Anne Mette Kjær, Ole Therkildsen, Lars Buur, Michael Wendelboe Hansen
When ‘Pockets of effectiveness’ matter politically: Extractive industry regulation and taxation in Uganda and Tanzania
Sub-saharan Africa, Mining, Trade and FDI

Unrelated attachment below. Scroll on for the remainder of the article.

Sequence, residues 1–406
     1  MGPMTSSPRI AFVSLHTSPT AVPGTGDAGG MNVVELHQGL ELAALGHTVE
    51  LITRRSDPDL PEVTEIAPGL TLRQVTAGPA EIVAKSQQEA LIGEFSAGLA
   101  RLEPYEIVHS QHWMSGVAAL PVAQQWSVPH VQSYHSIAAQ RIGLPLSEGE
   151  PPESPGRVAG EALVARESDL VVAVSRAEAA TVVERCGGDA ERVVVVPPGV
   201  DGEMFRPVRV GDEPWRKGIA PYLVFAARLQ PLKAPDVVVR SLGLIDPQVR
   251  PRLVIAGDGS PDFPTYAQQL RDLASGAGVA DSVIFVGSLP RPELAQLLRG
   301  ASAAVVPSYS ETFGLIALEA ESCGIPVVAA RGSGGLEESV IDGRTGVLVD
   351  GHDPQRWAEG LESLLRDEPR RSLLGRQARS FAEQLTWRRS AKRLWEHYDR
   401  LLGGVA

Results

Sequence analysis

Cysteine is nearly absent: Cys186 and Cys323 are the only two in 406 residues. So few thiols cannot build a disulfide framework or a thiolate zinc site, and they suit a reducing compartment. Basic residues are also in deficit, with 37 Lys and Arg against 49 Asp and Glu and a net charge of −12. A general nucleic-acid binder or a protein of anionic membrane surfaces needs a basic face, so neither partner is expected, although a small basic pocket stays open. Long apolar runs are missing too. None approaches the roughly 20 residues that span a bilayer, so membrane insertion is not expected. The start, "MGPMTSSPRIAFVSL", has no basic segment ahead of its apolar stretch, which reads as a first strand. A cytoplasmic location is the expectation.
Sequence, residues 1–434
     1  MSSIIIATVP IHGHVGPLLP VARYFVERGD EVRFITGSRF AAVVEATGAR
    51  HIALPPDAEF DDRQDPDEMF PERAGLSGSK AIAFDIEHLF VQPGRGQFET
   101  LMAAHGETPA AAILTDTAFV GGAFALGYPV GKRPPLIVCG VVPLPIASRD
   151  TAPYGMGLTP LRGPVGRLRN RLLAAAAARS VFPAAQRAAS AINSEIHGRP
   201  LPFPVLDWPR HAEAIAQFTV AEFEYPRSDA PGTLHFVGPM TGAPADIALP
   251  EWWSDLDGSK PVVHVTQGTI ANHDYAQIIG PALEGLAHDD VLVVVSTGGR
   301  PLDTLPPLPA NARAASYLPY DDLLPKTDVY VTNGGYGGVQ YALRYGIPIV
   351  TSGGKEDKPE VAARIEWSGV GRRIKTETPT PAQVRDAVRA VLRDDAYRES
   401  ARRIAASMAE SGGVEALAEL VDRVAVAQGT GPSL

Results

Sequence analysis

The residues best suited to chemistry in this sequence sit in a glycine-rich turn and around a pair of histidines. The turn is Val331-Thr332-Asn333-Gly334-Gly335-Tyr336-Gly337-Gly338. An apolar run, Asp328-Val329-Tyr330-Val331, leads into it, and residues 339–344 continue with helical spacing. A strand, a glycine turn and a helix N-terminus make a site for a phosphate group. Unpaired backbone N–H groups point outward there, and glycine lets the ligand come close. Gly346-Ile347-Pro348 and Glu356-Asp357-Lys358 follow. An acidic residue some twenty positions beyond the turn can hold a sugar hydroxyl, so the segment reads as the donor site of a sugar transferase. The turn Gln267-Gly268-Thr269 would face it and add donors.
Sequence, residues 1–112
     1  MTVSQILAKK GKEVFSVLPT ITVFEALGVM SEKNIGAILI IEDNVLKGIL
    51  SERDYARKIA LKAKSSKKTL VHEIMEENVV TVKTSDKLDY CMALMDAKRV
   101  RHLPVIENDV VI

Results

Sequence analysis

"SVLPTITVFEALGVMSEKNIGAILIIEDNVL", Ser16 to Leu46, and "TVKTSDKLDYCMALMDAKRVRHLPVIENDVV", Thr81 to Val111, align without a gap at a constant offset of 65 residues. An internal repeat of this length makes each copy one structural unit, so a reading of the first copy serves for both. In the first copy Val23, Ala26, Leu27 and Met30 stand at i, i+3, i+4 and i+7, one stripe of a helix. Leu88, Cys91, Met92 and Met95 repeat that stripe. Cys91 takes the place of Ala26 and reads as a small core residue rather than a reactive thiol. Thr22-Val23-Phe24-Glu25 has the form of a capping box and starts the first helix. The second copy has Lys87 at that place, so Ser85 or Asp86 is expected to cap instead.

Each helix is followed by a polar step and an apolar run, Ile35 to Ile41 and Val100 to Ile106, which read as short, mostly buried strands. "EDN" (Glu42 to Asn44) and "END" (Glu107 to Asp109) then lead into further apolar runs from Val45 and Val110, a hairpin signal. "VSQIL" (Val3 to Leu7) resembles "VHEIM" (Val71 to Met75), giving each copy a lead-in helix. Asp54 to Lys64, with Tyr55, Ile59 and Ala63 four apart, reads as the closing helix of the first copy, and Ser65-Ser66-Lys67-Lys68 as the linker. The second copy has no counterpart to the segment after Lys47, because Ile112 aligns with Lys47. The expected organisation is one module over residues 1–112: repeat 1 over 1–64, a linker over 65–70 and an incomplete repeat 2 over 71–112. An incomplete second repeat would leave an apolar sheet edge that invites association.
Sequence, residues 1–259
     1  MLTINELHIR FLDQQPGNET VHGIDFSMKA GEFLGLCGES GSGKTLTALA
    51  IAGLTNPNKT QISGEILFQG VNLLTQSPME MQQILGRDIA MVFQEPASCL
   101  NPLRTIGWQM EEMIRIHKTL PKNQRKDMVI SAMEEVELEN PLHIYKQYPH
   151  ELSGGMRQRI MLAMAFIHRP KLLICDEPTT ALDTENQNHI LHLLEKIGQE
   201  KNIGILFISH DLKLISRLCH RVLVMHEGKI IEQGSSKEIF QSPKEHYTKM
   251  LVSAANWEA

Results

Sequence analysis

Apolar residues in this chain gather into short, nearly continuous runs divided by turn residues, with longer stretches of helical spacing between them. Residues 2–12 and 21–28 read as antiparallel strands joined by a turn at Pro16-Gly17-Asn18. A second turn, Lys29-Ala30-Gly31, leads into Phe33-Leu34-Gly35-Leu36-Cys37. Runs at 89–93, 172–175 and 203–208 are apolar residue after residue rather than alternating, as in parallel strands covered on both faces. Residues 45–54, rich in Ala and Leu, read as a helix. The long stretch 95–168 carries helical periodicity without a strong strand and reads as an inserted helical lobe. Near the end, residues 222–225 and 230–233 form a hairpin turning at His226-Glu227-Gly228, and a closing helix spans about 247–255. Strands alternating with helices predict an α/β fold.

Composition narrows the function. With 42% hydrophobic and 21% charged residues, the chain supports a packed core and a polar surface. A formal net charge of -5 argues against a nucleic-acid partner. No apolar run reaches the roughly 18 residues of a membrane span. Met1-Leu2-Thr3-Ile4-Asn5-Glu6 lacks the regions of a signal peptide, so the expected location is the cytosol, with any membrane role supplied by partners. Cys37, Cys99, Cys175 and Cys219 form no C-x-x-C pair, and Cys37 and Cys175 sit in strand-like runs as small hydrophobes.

It is a common view that states in the developing world with substantial extractive natural resource discoveries may not have the capacity to tax and regulate multinational companies in the sector. In this article, we show that ruling elites in recently resource-rich Tanzania, and in Uganda – expected to become resource-rich in the foreseeable future - have learned from the resource curse: they seek to construct ‘pockets of effectiveness’ (POEs) to regulate and tax natural resources. We explain the political incentives to create such pockets by combining insights from the POE and the Political Settlement literatures. We argue that POEs are likely to be established in emerging resource-rich countries with three characteristics: some degree of competitive elections; widespread voter expectations of future natural resource prosperity; and absence of powerful domestic firms in the sector who can resist taxation. The political benefits of such POEs are higher revenues that can boost government spending power and, hence, political legitimacy. These outweigh the political costs of establishing POEs, namely rents and patronage foregone. This insight is missed in much of the writings on the impact of natural resource wealth in African countries.